HALIFAX -- As an 18-time NBA All-Star and four-time NBA MVP, Kobe Bryant was a megastar. An undeniable force in the world of basketball, the LA Lakers star’s tragic and untimely death on Sunday is impacting many people in many ways – including those in the Maritimes who shared love for the international icon.

For longtime basketball lifers, like Nova Scotia Sports Hall of Fame basketball player & coach, Mickey Fox, Bryant is being remembered as an astonishing on-court talent.

"I had the good fortune of playing against his dad, Joe Bryant," says Fox. “There was nothing he couldn’t do with the basketball.”

Former high school player and NBA fan, Andrew Dixon, spent his noon hour on Monday shooting hoops, alone with his thoughts – remembering his favourite Kobe Bryant memories.

"A big one is, especially being a Canadian, the 81-points he scored against the Raptors,” says Dixon. “Second-most ever."

But those memories quickly fade when Dixon gives thought to the overall tragedy in California, which also took the life Bryant's 13-year-old daughter and seven others.

"It's about more than sports today; it's about your family, your loved ones,” says Dixon. “No matter what you're going through, it's bigger than life, really."

Dalhousie University men's basketball head coach, Rick Plato says for all of Bryant's on-court magic; he was equally as eloquent off-court.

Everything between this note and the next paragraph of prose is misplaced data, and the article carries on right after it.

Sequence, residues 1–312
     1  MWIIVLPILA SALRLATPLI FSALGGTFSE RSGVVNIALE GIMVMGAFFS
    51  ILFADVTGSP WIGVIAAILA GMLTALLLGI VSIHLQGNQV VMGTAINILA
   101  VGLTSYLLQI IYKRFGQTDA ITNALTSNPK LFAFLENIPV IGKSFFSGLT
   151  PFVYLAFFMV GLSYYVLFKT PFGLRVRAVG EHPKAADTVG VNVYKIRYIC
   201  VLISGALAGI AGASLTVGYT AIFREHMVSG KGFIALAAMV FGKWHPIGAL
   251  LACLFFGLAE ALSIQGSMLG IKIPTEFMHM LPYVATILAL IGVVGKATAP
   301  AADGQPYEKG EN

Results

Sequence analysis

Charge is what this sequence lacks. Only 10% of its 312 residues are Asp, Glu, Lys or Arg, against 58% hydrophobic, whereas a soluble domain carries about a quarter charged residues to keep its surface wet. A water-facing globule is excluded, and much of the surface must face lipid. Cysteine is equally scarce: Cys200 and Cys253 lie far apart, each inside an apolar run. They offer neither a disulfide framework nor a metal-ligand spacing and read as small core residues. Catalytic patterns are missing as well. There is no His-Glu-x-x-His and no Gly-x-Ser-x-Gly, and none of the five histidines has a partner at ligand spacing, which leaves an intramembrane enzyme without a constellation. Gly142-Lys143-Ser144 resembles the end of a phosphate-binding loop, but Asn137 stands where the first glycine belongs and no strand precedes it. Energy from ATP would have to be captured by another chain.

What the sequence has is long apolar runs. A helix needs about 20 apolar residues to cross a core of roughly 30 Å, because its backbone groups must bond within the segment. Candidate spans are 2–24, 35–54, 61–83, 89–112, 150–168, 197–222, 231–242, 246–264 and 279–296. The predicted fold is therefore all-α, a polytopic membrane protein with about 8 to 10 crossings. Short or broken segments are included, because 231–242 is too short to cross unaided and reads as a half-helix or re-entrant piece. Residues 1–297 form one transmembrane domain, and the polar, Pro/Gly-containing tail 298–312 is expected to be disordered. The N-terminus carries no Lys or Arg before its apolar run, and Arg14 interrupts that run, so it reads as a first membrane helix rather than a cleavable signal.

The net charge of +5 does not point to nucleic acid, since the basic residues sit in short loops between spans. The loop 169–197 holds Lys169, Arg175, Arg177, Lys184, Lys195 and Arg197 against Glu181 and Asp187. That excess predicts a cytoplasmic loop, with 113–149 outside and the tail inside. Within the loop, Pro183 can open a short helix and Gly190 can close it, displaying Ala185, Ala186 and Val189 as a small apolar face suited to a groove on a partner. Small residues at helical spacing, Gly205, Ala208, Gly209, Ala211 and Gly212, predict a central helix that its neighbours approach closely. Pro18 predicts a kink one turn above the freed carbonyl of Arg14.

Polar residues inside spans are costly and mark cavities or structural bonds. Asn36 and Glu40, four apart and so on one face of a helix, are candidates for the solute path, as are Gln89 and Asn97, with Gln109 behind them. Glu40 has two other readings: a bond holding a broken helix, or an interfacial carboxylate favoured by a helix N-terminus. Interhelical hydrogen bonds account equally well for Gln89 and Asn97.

"Even though he didn't go to university, he had this educated air about himself,” says Plato. “Speaking as many languages that he did and being an entrepreneur, he won an Academy Award for that poem that he put to a movie.”

Plato says he's overwhelmed by the impact of Sunday's helicopter crash.

Longtime basketball administrator and official, Ed McHugh says basketball fans and non-basketball fans watching the tragedy unfold on television are left with emotions that are difficult to process.

"This news flew around the globe instantaneously, and when that happens it rocks people – makes people look at their own value system," says McHugh.

McHugh says aside from Bryant's ability on the basketball court, how he carried himself as a person and how he interacted with his family are factors that also resonate with people around the world.

Meanwhile, Plato says he will discuss the tragedy with his players in the coming days and suspects it will be a theme revisited with players for weeks to come. He notes, while his job is to help his players win games, he’s also invested in helping guide them through life and the ups and downs it brings.